Why does it work after options are saved? Because WordPress returns the boolean variable as the string value ‘1’. You can see this for yourself by playing with the update_option() and get_option() functions in WordPress to store/get a boolean true value. Since my code uses the stored values if they are set my booleanvar is not taking on the default true setting after the first save, it is coming back as ‘1’ which is what JavaScript expects to see.

The Lesson?

Use string values of ‘1’ and ‘0’ for your WordPress option values any time you are not using 100% serialized option values. It ensures consistency throughout your application by following the precedence set by the WordPress get_option function.

Yes, you can get away with using boolean true/false values. It even makes the code more readable, IMO. However it can cause issues if you ever decide you need to pass those values along to your JavaScript functions with wp_localize_script() if you are not 100% certain you are using pure non-translated boolean variables throughout.

If you are ever uncertain of your true data types add a gettype($varname) debugging output to your plugin code. Remember that simple print_r statements will convert booleans to strings as well, use gettype to be certain of what flavor variable you have inside PHP.

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Back To Coding

10 days, 7 pounds, and 67 emails later I am finally getting back online.    While I’ve managed to sneak in a few coding hours between entertaining guests and partaking in the awesome “foodie’s playground” of Charleston South Carolina, I’ve essentially been “unplugged” for the week.    Today it is time to get back to the code.  On my short term agenda:

Get Tagalong updated & published.

Tagalong has been neglected for a while.   I am pushing to get the new release out there so it works properly with Store Locator Plus 3.9.    Along the way I’ve been making some updates to the Store Locator Plus core to better support Tagalong.   Most of the changes to the main plugin will be hidden elements but it will make for a better way of adding “deep data” to store locations without hacking up the database every time.   Tagalong was already doing this which is why Store Pages was needed, however the new release is being crafted in a way that ANY add-on pack could use this methodology WITHOUT requiring Store Pages.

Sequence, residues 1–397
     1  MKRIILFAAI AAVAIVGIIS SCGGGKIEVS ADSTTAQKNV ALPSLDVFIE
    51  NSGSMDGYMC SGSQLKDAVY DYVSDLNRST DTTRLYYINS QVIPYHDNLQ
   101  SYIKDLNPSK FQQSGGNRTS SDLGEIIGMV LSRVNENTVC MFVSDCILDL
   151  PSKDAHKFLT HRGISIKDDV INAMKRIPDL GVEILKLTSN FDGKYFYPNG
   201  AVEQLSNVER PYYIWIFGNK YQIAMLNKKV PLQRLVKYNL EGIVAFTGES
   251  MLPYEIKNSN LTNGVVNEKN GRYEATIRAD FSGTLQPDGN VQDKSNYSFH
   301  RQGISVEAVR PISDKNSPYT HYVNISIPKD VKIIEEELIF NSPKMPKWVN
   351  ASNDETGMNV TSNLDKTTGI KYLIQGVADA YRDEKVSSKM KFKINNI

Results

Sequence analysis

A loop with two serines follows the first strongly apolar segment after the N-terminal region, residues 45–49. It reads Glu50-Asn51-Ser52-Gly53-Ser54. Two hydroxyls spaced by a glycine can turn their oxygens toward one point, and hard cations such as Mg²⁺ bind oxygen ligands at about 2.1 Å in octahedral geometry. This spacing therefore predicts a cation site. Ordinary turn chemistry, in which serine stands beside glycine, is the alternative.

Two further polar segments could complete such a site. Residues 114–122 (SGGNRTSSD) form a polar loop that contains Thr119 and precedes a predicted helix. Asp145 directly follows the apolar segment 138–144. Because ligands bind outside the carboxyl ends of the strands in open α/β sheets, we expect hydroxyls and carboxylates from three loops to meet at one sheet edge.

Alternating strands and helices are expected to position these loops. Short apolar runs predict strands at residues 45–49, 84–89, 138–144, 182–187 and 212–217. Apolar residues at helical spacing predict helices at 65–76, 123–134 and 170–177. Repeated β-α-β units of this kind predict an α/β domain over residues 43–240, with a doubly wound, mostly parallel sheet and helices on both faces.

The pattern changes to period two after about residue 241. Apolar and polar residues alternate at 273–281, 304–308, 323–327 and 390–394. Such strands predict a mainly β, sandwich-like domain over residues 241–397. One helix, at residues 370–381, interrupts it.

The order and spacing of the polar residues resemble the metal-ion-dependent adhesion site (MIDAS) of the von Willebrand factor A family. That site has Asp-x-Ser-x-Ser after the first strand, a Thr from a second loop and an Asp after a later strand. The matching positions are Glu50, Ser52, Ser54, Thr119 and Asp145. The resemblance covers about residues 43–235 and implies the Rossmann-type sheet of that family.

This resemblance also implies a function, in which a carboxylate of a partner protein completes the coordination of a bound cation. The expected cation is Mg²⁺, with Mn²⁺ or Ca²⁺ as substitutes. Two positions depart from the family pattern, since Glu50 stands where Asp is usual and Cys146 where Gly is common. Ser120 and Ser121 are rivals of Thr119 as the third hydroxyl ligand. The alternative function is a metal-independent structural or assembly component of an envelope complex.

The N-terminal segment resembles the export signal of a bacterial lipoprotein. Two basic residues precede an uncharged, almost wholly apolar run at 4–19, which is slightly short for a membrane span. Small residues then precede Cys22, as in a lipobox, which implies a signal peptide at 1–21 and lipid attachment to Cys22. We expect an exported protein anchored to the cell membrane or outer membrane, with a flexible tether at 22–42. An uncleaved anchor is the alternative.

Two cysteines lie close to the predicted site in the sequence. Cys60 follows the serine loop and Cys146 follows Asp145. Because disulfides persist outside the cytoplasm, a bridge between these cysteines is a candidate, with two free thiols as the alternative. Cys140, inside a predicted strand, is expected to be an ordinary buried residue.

It is a lot of work, but I will be putting my “head down” and focusing on Tagalong code and the core plugin changes required to support.

Without further adieu… time to code…

 

 

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Netbeans, phpDoc, and WordPress

A posting from our private “Tech List”, a list I share with select tech geeks mostly from the days at Cyber Sprocket Labs.   We tend to share high end tech tips that only geeks would find interesting.    I am posting here for easy reference for “The Tech List” groupies.

My Intro To Netbeans

9 months ago Chase was showing me NetBeans on his desktop.   It had some cool features for PHP like auto-complete and some very handy code lookup tools that reminded me of Visual Studio without all the weight.

 I wish I had learned about the NetBeans environment a long time ago.    NetBeans+ GitHub + SmartGit have made my coding at least twice a productive when it comes to PHP work, especially with complex WordPress plugin code.
In the past few months, while working in NetBeans, I’ve been refining my phpDoc skills.  This is EXTREMELY handy in making coding far more productive.    Here are some of the things I’ve learned that I wish we had all known about at Cyber Sprocket.    With the right tools it makes coding for people with senility (me) easier.

Effectively Using Netbeans for WP Dev

1) Wrap your ENTIRE plugin into a single instantiated object.
My plugin invocation now is basically something along these lines:
DEFINE(blah,blah) // a few of these help with WordPress stuff, like plugin version
class MP {
}
class MP_Error extends WP_Error {}
add_action('init', array('MP','init');
That is pretty much it other than the singleton.
2) Learn how to create and use singletons PROPERLY in WordPress
It must be a static method.
It should return itself as an instantiated object.
Set minimal properties as needed, not the entire WPCSL object here.
public static function init() {
    static $instance = false;
    if (!$instance) {